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A short story of life, death and running.

I watched a Lorraine Kelly documentary last night (15th November) about the Lockerbie bombing in 1988 and listened intently about how she and many others affected by the tragedy coped back in the 80's by supressing their feelings and just shut out what they had witnessed.


So many people saw first hand the absolute horror of the worst terrorist attack in UK history and yet they absorbed so many emotions and just... locked them all away, including Lorraine herself.


Her recollections of her own 'on the spot' reporting seemed distorted and hazy almost as if she had created in her own mind a more santised view of the absolute death and destruction she had witnessed.


Strange the way the mind plays tricks...


The documentary brought back a personal shudder as I thought back to this fateful December evening. For just a few weeks earlier I had been on that PANAM Flight 103. I was returning from the New York Marathon on the same plane and on the same flight path.


I had been raising money for Myrtle Street hospital as my eldest daughter who was just 10 months old at the time had had a successful heart operation and I had been enjoying life in the Big Apple. It started me thinking about fate and the critical paths we take in life and yet so much of what we do is down to luck because sometimes we just can't control things beyond our control however much we think we can.


I could have been on that flight if the terrorists had chosen a different date...the date of my flight rather than December 21st. If they did then how different would life be for me and all the people I know today? My wife Yvonne, my daughter Abbie, the races we put on, the many friends we have made through running. None of what we take for granted would exist and you would be equally leading slightly different lives because you wouldn't have taken part in the Liverpool Half Marathon or the Tour or the Santa Dash. 


Now that just sounds plain weird doesn't it? So I count myself fortunate to have not been on that flight on that particular date but if you sit and think for just a minute about the consequences... well it's made me appreciate even more what I've been doing over the last 35 years. Because everything I believe in, everything I aspire to, everything I love doing... it all revolves around running and yet this fabulous pastime we all love COULD have claimed me early if only for a different date choice.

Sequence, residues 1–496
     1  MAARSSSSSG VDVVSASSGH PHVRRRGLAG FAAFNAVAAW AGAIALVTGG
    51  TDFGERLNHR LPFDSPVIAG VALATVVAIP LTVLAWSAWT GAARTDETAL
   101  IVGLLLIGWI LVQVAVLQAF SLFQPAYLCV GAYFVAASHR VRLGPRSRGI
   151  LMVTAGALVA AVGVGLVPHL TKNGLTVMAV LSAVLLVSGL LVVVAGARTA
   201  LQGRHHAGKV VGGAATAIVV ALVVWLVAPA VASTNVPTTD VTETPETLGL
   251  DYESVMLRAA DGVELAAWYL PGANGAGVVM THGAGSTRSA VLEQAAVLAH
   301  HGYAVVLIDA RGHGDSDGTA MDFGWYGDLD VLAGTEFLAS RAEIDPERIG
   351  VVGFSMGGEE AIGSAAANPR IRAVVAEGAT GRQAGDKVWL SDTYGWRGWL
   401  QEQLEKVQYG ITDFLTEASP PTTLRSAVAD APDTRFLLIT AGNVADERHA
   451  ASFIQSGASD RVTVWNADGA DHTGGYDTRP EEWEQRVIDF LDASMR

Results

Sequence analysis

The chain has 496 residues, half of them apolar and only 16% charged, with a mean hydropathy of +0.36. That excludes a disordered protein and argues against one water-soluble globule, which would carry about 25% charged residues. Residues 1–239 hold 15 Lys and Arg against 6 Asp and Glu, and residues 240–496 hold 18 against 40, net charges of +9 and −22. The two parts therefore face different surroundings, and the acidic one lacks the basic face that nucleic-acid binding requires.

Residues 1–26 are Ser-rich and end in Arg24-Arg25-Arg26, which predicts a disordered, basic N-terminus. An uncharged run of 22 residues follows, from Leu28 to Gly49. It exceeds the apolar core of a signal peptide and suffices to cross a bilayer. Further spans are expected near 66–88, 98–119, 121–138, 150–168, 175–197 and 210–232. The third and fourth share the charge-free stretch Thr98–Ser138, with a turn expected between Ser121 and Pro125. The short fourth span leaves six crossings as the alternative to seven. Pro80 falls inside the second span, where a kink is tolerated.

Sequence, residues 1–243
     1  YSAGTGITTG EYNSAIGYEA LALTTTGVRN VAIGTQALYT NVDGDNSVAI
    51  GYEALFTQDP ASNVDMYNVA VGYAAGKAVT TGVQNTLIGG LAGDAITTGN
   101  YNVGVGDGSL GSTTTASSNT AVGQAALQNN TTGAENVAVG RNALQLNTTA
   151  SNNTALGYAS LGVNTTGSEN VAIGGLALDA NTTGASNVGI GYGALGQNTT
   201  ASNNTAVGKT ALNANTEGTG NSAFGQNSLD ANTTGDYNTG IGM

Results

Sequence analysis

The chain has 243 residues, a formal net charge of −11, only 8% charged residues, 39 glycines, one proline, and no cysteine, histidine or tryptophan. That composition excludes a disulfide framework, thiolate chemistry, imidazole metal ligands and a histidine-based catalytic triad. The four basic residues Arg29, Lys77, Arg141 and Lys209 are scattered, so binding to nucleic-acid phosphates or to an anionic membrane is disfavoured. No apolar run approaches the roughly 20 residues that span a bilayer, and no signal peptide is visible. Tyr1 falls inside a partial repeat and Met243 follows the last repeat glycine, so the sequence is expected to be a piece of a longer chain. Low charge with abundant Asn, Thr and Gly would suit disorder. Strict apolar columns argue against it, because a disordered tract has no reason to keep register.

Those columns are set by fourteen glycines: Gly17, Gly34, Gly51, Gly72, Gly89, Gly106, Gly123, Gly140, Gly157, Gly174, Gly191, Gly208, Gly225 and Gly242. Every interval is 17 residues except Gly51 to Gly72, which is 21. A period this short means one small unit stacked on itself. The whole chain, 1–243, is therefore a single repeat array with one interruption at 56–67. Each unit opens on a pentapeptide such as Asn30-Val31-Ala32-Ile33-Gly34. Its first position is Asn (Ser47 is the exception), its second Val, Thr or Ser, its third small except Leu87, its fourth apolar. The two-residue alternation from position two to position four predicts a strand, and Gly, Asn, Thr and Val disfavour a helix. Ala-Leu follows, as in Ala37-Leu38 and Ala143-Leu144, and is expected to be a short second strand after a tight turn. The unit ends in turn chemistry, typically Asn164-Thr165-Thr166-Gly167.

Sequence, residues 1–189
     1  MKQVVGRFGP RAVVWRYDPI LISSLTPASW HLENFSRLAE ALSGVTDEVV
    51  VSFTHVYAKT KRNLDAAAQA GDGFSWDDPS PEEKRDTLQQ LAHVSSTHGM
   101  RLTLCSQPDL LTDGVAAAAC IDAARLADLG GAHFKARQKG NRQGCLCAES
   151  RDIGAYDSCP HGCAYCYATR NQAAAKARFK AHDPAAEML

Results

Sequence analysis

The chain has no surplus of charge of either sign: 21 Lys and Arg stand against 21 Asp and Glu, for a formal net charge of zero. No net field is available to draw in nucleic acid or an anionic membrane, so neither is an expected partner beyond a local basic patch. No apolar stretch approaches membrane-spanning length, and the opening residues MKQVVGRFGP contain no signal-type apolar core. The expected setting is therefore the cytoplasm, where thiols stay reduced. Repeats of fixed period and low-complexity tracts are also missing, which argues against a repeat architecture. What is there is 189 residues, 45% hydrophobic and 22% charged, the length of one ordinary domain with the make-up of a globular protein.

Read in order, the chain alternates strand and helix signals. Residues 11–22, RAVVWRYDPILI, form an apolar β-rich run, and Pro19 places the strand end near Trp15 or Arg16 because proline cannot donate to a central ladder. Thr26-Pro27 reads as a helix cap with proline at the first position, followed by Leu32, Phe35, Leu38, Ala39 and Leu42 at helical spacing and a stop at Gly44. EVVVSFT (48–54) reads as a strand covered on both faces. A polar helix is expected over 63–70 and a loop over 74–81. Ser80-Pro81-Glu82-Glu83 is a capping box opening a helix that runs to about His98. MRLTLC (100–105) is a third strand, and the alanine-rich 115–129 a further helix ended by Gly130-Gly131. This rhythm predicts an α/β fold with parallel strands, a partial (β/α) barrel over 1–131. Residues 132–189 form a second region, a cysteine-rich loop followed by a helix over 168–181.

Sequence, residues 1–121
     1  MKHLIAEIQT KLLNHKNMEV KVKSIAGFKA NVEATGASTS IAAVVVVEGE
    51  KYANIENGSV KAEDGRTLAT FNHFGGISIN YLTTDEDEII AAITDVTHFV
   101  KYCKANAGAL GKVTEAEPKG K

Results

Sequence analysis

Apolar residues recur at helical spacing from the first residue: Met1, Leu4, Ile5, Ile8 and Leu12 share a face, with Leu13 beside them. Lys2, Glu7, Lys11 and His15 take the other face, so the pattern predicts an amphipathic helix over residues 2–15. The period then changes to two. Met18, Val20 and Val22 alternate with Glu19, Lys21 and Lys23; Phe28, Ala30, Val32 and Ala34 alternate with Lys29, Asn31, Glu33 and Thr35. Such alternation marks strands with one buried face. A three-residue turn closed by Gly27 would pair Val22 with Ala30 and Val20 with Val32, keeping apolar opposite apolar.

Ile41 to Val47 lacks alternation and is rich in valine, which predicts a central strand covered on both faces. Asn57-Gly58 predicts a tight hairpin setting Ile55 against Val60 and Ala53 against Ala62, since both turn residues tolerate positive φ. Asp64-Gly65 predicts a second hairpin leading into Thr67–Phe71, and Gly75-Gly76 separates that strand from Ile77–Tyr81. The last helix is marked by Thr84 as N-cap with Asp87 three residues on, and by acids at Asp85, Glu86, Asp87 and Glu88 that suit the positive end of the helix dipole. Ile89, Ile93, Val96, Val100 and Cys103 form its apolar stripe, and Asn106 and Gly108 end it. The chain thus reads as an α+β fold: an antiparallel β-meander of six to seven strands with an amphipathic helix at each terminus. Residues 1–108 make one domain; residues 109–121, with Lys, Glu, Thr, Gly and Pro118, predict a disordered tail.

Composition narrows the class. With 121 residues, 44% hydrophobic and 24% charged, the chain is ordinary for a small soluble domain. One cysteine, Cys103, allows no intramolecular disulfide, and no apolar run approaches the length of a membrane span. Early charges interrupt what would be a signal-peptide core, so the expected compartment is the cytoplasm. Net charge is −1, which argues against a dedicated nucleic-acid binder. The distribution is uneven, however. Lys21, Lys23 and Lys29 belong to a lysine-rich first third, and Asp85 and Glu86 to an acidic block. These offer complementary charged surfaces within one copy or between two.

So fate played a hand and those of us that were on PANAM 103 who came back from the New York Marathon all came back with stories of achievement and excitement and are no doubt still dining out on how well we did in the Big Apple. And yet such a short time later so many people lost their lives in such tragic circumstances.


A big part of the documentary was about how so many people managed their own grief and not long after Lockerbie we had our own tragedy which was much closer to home... at Hillsborough. A bit like Lorraine I have my own vivid memories of where I was when I first heard the news and like everyone else couldn't believe what I was hearing. Instinctively I went down to Anfield early the next morning and watched as a steady stream of people stood silently wondering just what to do. The scarves began to be laid and flowers grew up the massive Kop terrace and across the bright green Anfield turf.


I had my two kids with me who were very young at the time and they have no recollection of the day but my own deepest thoughts contrasted with their innocence and blissful ignorance of what had happened less than 24 hours earlier.

I don't know why I went, I just did. It was instinctive.


My allegiance to the blue half meant absolutely nothing as these were people from my city... and a bit like my New York trip and a quirk of fate... if my father had been a red then I could have been at Hillsborough. It's just another example of the twists of fate that affect us in life or just pass us by.


Over the years I have often thought about New York and Hillsborough as probably the bleakest two periods in my life and again a bit like Lorraine I just managed to pack away any negative feelings about these two major incidents because that was the way I could deal with them.


Now fast forward to the introduction of (what was) the 96/5K some nine years ago when I was asked if I could host the event. I was absolutely delighted to take this on because this gave me my opportunity to address my own thoughts and demons about April 15th 1989. I felt proud that in some way I could help others 'celebrate' the lives of all those who were lost that day. I think I helped a lot of people and at the same time the event helped me.


So in a curious way my running has helped me cope with tragedy, fate and everything in between and even more so helped me appreciate my wife, my daughter, my running friends and the events that I have delivered over the last 30 odd years.


As it says on the BTR envelopes... RUN. RACE. ENJOY.... because you ever know what life has in store for you.


With deepest thoughts for all those affected by the Lockerbie and Hillsborough events.

Alan Rothwell - BTR Liverpool


Left to Right: John Evans, Sally Bell, Alan Rothwell with Molly Rothwell, two nurses from the Myrtle Street hospital and Keith Barnes with a cheque for the money raised from our participating in the New York Marathon.

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